Another One Million Newspaper Pages Made Free by the British Newspaper Archive and the British Library
The following announcement was written by the British Newspaper Archive (part of Findmypast):
After making one million historical newspaper pages free in 2021, a further one million pages are now free to explore
As trusted partners of the British Library, Findmypast are committed to making five million pages free over five years on the British Newspaper Archive and Findmypast
Free pages across 244 titles make history more accessible for everyone, with additions from the United Kingdom, Ireland and India
Discover political intrigue, scandal and real-life stories in black and white
This August, The British Newspaper Archive in partnership with the British Library, has made a further one million historical newspaper pages available completely free to the public, reaching a new total of two million free pages.
Together, the British Newspaper Archive and the British Library are committed to releasing a total of five million free pages over five years, which can be accessed online on the British Newspaper Archive website and on Findmypast.
Much of this content has been made available as part of several major digitisation projects based at the British Library: 19th Century Newspapers; Heritage Made Digital, which seeks to transform digital access to the British Library’s rare and early collections; and the Living with Machines research project, a collaboration between the British Library, The Alan Turing Institute and five partner universities, and funded by the Arts and Humanities Research Council (AHRC) via UK Research and Innovation’s (UKRI) Strategic Priorities Fund.
These free pages, covering the years 1699-1900 across 244 titles, increase the accessibility of historical newspapers to more people around the world. Researchers can browse the beautiful images of the Illustrated London Life, discover their Scottish roots in the Glasgow Herald, or explore the history of Ireland with the United Irishman. One particularly intriguing title is Berthold’s Political Handkerchief, famously printed on calico, a type of fabric, in order to get around paying the newspaper stamp tax of the time.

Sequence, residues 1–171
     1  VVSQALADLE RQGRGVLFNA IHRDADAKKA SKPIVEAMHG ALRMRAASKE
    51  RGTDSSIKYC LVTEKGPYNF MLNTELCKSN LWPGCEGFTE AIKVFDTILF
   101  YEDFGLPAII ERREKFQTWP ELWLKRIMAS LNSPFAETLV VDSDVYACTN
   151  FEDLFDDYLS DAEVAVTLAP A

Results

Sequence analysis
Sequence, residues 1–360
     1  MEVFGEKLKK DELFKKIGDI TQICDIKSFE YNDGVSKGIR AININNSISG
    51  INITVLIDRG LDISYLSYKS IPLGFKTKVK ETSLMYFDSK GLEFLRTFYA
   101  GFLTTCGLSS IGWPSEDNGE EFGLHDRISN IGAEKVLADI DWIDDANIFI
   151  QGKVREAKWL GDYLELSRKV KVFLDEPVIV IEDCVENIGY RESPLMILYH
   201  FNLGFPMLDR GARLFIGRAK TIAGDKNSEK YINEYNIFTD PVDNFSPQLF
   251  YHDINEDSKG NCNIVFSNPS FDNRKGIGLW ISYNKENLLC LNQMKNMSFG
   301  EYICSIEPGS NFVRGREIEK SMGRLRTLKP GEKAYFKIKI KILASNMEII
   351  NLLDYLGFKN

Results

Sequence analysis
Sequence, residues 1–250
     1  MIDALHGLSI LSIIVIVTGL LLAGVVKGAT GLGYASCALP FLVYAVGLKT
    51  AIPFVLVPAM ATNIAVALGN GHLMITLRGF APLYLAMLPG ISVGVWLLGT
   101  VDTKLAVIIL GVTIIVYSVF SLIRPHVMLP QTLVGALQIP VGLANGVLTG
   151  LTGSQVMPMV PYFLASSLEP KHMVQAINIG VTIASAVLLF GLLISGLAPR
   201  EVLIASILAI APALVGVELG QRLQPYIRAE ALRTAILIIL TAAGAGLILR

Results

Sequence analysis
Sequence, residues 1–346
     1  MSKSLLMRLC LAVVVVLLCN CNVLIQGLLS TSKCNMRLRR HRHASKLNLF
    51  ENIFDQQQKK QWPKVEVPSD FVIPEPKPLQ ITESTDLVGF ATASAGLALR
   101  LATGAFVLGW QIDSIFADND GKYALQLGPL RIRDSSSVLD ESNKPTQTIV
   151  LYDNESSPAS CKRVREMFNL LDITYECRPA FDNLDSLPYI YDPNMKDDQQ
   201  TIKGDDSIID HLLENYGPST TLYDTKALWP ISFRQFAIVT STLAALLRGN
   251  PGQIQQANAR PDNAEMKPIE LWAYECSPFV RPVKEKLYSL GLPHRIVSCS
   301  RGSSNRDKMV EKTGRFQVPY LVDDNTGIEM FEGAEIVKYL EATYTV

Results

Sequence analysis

Also included are Welsh language titles Y Tyst and Y Llan, 22,113 pages from Northern Ireland and the Republic of Ireland, and 167,534 pages from Scotland, including the Edinburgh Gazette of 1699, the oldest newspaper digitised by the project so far.
Other highlights of this year’s release include:
Friend of India and Statesman, 1852-1883 – published in Calcutta, this is another key title to support diverse research, continuing from the 2021 release of Royal Gazette of Jamaica and The Keys
Porcupine, 1800-1801 – its founder William Cobbett spent time in the United States in the 1790s and leant support to Alexander Hamilton’s Federalists. He was hailed as a ‘great British patriot’ on his return home
Francis’s Metropolitan News, 1895 – this family title showcased printer R.S. Francis’s ‘new style of illumination’, using blocks of colour to highlight sections
The Age, 1852-1853 – this title had a reputation for ‘scurrilous and satirical gossip’ about the celebrities of the day
The Anti-Gallican Monitor, 1811-1825 – this highly-divisive newspaper called for the assassination of Napoleon Bonaparte, and provides an intriguing glimpse into attitudes towards France at the height of the Napoleonic Wars
The Patriot, 1832-1866 – this paper represented itself as a moral and philosophical repository for political thought, with its editor Matthew Campbell Browne hoping to influence the reform of Parliament and an equal Representation of the People.
Mary McKee, Head of Content Publishing at Findmypast said; “This is a fantastic free resource for all those wishing to delve into the past and uncover the colourful stories that bring it to life. Each page offers a snapshot of what life was like at that moment, documenting family stories, local legends and momentous events alike. For those uncovering their family history, you might be surprised to discover your own ancestors hiding within these pages. I’d encourage everyone to go and explore this collection online, on the British Newspaper Archive or Findmypast.”
Xerxes Mazda, Head of Collections and Curation at the British Library, said: “We are delighted to be making a further one million pages from the British Library’s newspaper collections available free to view online in conjunction with our digitisation partners Findmypast. Amongst the resources available we have released 245 regional newspaper titles from across the UK. Covering the years 1699-1900 and ranging from the Glasgow Herald and the Newcastle Courant to the Bristol Mercury and the Exeter Flying Post, these publications reflect the rich heritage of the UK’s media landscape and offer new opportunities for everyone to explore our collections from wherever they are in the world.
The British Newspaper Archive was created back in 2011, when Findmypast set out to digitise the British Library’s entire newspaper collection and open it up to the public as the British Newspaper Archive. Today, it contains over 56 million pages, and counting.
And for anyone looking to explore more of the British Newspaper Archive, until 11 September get 20% off subscriptions using the code SAVE20.